Neither lawyers nor one expects historians would ordinarily credit such tortured interpretive practices as those Professor Johnson brings to bear in order to smear a "group" of faculty. That he overreached in this regard is all the more regrettable since it is clear that there were some individual faculty who made comments (that have no resonance with the ad) that were, at best, intemperate and, at worst, grossly irresponsible. (A good example of the latter are the remarks of Houston Baker, which are duly rebuked by the Duke Provost here.)
ANOTHER: A reader calls my attention to this revealing statement about Professor Johnson's crusade by Duke law professor James Coleman, who played an important (and universally praised) role in the campus investigation of the charges.
ONE MORE: Professor Johnson calls my attention to his reply to Professor Piot here. It is an unusual document, though revealing about how Professor Johnson thinks about things. In any case, readers are invited to read it in conjunction with Professor Piot's critique, and decide for themselves. You may also want to read the comments that follow Professor Johnson's blog posting to get a flavor for how those obsessed with this matter see the world.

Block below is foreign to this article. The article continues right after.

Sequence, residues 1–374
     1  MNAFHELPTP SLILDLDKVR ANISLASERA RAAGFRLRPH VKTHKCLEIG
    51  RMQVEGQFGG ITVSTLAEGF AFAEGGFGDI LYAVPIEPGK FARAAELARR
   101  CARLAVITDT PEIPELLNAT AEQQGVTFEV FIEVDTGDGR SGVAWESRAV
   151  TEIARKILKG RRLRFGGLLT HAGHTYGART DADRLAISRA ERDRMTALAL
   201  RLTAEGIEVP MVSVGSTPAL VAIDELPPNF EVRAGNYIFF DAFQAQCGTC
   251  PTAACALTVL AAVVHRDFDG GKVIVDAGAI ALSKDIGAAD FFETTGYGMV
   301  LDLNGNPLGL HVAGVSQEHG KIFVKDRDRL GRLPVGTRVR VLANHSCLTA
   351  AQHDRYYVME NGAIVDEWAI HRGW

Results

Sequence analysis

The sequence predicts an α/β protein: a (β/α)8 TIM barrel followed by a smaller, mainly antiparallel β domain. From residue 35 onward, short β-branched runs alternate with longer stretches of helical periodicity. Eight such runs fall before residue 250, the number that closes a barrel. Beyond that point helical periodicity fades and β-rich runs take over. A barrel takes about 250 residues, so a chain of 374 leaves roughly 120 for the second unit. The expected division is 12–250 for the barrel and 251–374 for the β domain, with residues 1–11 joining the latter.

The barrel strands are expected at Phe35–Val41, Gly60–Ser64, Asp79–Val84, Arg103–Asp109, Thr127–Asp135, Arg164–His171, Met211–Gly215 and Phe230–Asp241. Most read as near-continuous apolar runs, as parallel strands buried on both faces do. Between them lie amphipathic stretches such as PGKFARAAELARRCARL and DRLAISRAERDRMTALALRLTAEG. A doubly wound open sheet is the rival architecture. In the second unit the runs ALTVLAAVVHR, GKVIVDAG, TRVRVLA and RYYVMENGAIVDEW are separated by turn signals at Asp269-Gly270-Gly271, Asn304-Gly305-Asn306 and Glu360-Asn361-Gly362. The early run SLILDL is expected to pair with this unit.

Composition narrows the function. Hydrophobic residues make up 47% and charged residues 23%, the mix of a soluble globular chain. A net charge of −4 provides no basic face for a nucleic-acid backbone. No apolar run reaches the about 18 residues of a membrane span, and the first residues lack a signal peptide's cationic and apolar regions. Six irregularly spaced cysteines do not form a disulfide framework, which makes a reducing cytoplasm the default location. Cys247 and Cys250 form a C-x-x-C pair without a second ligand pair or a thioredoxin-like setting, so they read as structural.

AND YET ANOTHER: This detailed analysis is illuminating about Professor Johnson's modus operandi; as the author notes:
[Professor Johnson's] worst failure...is that he is a friend to ignorance, often in subtle ways but sometimes they’re not so subtle. He’s willing to pass judgment without drawing clear lines between what he knows for sure, what’s probable, and what’s unknown, and he avoids shining a light into the grey areas if they make for useful innuendo. He offers little resistance to readers inclined to render superficial and harsh judgment of the figures he attacks–regularly boiling his attacks down to a dismissive or derisive phrase that’s repeated as a tag line or epithet, for instance....[H]e often makes no attempt to interpret and convey the main point and purpose of the texts he criticizes, approaching them instead like a prosecutor digging for evidence, free to pull out a passage or just a phrase and give it a literalistic, context-free reading if that furthers his case. Combine that with the habit of dwelling with self-righteous and unwavering certainty on an interpretation of the evidence that puts his opponents in the worst possible light, and there’s little chance of constructive debate...